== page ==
1. Avoid the cliché

Black as night, pretty as a rose, soft as silk, etc. Avoid these. If you find yourself using these kinds of phrases try to rethink how you can word those sections. If your style is more poetic, think of new ways you can describe everyday things.

On a larger level, avoid plot clichés. Don’t make my mistake and open with your character waking up to her alarm on a typical Tuesday. You want to hook your reader from the first word so drop them in the story right where the action starts.

  1. Formatting

Another rookie mistake I made in my high school writing was in formatting. Oh my gosh did I love the italics button. I used it to set off character thoughts, to show dream sequences, and emphasize words in dialogue-all in the same story! Sometimes italics are a great formatting tool, but always aim to be able to write well enough that they aren’t actually necessary. Use the text around that emphasized word to get the reader to read the dialogue the way you intend and write the character’s thoughts in a way so they flow with the rest of the story. If you’re going to utilize italics, make sure it’s only for one specific purpose. You can set off a dream sequence, but you shouldn’t use italics for anything outside of dreams after that point.

  1. Pick a point of view

As an editor, this is one of my biggest pet peeves. While I’m just as much a sucker for the dual point of view love story as the next person, I can’t handle it when there are two points of view in the same scene or chapter. There needs to be a break between narrators so that readers can adjust. Otherwise it ends up being about as confusing as I’d imagine it would be to be able to read minds in a crowded room.

  1. Modifiershhhhhhhhhhhhh

“Adjectives absolutely have to be in this order: opinion-size-age-shape-colour-origin-material-purpose Noun. So you can have a lovely little old rectangular green French silver whittling knife. But if you mess with that order in the slightest you’ll sound like a maniac.” – Mark Forsyth The Elements of Eloquence: How to Turn the Perfect English Phrase

Have you ever learned this rule for modifiers? Please, please avoid needing to reference the entire thing for your story. Modifiers are a wonderful part of our language, but if you can use a strong verb then ditch the adjectives and adverbs. Find all of the –ly words in your story and make sure they aren’t taking over your writing. While you’re at it, make Robin Williams happy and get rid of “very” in its entirety.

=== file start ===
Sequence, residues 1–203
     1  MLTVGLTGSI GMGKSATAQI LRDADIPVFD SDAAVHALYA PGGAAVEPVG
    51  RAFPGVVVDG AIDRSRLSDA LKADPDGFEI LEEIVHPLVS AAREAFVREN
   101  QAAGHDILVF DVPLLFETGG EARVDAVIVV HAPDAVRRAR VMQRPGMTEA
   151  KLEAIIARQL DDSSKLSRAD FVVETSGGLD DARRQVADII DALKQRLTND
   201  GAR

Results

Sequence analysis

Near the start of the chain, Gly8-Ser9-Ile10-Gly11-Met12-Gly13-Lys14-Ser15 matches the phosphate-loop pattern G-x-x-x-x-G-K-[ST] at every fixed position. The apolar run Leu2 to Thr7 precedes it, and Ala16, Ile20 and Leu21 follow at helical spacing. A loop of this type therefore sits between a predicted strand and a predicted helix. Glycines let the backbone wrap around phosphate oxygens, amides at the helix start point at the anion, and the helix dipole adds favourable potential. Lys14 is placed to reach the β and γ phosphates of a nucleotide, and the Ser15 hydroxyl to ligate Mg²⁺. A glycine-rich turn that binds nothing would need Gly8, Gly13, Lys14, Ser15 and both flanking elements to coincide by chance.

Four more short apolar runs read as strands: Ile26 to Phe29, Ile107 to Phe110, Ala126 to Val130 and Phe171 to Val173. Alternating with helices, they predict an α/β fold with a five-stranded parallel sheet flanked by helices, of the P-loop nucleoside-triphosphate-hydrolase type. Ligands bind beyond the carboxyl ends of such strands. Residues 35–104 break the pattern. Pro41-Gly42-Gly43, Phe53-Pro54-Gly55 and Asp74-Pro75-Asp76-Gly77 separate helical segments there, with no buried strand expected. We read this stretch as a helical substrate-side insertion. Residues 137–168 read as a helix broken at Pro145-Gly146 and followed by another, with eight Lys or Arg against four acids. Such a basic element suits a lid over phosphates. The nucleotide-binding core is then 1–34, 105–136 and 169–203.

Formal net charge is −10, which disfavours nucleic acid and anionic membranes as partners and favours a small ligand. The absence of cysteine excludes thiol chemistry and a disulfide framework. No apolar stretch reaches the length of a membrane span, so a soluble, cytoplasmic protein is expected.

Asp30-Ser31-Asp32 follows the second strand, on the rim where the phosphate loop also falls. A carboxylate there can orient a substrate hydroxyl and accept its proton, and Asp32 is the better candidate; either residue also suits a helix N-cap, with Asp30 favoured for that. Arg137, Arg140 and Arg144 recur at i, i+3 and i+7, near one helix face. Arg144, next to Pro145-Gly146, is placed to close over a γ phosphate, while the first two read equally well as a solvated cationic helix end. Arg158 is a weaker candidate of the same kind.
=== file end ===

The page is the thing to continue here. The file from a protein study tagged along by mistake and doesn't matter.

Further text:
1. Repetitive

Another edit note that I harp on pretty consistently is repetitiveness. This can be as specific as sentences or as broad as major concepts. On a sentence level this can be a really difficult habit to break, but once you see it you’ll notice it easily. An example would be, “He was so angry. He slammed the door” really only needs to be “He slammed the door” By cutting the unnecessary words you can really clean up your writing.

On a larger level, you want to make sure you aren’t repeating facts from the story or ideas. Sometimes it’s tempting to relate everything back to a character’s traumatic past, but that gets to be repetitive. So, for example, if Joan has a horrible relationship with her mother and the reader knows this, you don’t have to explain the relationship again when Joan won’t go to the grocery store her mother frequents or when Joan immediately dislikes the motherly figure in her office.

 

So if you’re reading through your writing and finding some or all of these mistakes, no worries! No one’s perfect. If you can see the places where you slip up, you can edit them. Once you work through editing them, you’ll find that you naturally avoid them in your next work. It’s all about learning and growing and putting your story down on paper in the best way you can, and then looking back at the early stuff and laughing (sometimes out loud) at some of the silly mistakes you made then but never make now. Happy writing!